According to a 2004 research study by the John Jay College of Criminal Justice for the United States Conference of Catholic Bishops, 4,392 Catholic priests and deacons in active ministry between 19 have been plausibly (neither withdrawn nor disproven) accused by 10,667 individuals of the sexual abuse of a youth under the age of 18.
Estimating the number of priests and deacons active in the same period at 110,000, the report concluded that approximately 4% have faced these allegations.
In July 2010, the Vatican doubled the length of time after the 18th birthday of the victim in which clergymen can be tried in a church court.
It also streamlined the processes for removing pedophile priests.
It reported in 2004 that even after these revelations and public outcry, the institutional church had moved allegedly abusive priests out of the countries where they had been accused but assigned them again to "settings that bring them into contact with children, despite church claims to the contrary".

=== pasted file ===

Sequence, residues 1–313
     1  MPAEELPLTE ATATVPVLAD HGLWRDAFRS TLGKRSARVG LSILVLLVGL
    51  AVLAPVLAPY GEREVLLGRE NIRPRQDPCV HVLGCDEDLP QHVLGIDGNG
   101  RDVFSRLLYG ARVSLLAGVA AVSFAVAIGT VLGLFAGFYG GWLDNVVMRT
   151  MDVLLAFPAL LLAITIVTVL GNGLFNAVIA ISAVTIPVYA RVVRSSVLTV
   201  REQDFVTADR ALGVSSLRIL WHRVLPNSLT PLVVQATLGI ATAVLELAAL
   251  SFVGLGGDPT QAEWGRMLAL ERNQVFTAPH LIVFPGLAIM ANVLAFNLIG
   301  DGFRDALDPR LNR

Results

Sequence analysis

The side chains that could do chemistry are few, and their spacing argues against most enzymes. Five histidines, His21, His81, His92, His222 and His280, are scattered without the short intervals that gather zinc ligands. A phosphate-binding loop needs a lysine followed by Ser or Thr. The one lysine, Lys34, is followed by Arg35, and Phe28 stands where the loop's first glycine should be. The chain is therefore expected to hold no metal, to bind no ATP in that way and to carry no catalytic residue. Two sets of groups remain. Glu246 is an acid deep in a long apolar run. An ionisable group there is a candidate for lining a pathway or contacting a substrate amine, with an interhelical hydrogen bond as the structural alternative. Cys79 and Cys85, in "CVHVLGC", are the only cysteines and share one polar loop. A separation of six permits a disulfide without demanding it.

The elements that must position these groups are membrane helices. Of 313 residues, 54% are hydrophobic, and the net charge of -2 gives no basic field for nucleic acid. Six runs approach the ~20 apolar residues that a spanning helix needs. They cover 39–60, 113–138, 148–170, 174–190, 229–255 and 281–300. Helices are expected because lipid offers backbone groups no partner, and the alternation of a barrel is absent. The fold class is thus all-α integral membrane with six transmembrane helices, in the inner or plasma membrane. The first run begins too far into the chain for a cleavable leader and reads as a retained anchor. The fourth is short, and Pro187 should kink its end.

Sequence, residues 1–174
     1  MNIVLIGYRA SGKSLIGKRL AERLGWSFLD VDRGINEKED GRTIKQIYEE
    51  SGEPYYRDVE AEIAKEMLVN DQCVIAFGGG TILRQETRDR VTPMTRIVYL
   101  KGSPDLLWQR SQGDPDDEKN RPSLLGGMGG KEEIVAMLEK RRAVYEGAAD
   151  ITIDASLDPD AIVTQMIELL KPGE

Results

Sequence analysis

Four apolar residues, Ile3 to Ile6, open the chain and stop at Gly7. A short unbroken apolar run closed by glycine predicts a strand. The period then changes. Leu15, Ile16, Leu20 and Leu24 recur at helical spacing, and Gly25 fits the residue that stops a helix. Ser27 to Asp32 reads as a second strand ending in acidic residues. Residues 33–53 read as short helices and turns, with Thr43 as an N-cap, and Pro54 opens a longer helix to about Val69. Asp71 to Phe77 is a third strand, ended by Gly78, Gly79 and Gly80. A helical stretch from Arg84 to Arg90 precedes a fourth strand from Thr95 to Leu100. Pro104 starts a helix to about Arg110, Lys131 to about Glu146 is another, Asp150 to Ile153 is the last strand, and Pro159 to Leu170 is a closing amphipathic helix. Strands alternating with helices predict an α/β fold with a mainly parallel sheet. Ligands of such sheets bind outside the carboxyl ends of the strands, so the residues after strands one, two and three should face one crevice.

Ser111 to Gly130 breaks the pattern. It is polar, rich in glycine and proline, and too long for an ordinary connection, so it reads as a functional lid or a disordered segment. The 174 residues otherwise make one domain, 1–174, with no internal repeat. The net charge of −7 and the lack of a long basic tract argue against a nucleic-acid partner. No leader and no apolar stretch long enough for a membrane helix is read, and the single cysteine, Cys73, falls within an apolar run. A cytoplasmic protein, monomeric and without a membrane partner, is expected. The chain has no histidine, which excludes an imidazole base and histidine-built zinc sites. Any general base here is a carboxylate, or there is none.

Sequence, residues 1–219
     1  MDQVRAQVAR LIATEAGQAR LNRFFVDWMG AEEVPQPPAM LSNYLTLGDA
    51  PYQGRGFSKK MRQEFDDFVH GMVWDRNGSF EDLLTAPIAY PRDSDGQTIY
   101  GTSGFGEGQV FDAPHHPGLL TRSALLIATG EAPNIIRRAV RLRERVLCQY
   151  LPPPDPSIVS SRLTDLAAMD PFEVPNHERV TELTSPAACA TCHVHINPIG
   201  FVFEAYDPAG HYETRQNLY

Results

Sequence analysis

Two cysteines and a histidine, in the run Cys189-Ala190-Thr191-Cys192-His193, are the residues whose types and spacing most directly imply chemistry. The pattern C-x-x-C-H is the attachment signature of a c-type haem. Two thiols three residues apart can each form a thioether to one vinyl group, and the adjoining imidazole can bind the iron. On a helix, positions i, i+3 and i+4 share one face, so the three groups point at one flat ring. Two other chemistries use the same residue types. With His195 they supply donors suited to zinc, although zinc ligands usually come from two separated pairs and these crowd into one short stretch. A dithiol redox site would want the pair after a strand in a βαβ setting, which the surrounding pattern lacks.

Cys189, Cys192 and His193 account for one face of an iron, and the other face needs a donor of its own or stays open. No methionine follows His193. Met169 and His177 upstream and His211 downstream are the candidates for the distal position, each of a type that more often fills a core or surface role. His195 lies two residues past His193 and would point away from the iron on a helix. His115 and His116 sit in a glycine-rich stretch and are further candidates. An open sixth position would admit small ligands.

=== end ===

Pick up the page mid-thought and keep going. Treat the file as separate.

Church authorities are often accused of covering up cases of sex abuse.
Cases of child sexual abuse by Catholic priests, nuns and members of religious orders, and subsequent cover-ups, in the 20th and 21st centuries have led to numerous allegations, investigations, trials and convictions.
The abused include boys and girls, some as young as 3 years old, with the majority between the ages of 11 and 14.
But, in 2002 The Boston Globe reported, "clearly the issue has been most prominent in the United States." According to a Pew Research Center study, in 2002 the media coverage was focused on the US, where a Boston Globe series initiated widespread coverage in the region. In September 2011, a submission was lodged with the International Criminal Court alleging that the Pope, Cardinal Angelo Sodano (Dean of the College of Cardinals), Cardinal Tarcisio Bertone (Cardinal Secretary of State), and Cardinal William Levada (then-current Prefect of the Congregation for the Doctrine of the Faith) had committed a crime against humanity by failing to prevent or punish perpetrators of rape and sexual violence in a "systematic and widespread" concealment which included failure to co-operate with relevant law enforcement agencies.
In a statement to the Associated Press, the Vatican described this as a "ludicrous publicity stunt and a misuse of international judicial processes." Lawyers and law professors emphasized that the case is likely to fall outside the court's jurisdiction. Child sexual abuse is an umbrella term describing offenses in which an adult engages in sexual activity with a minor or exploits a minor for the purpose of sexual gratification.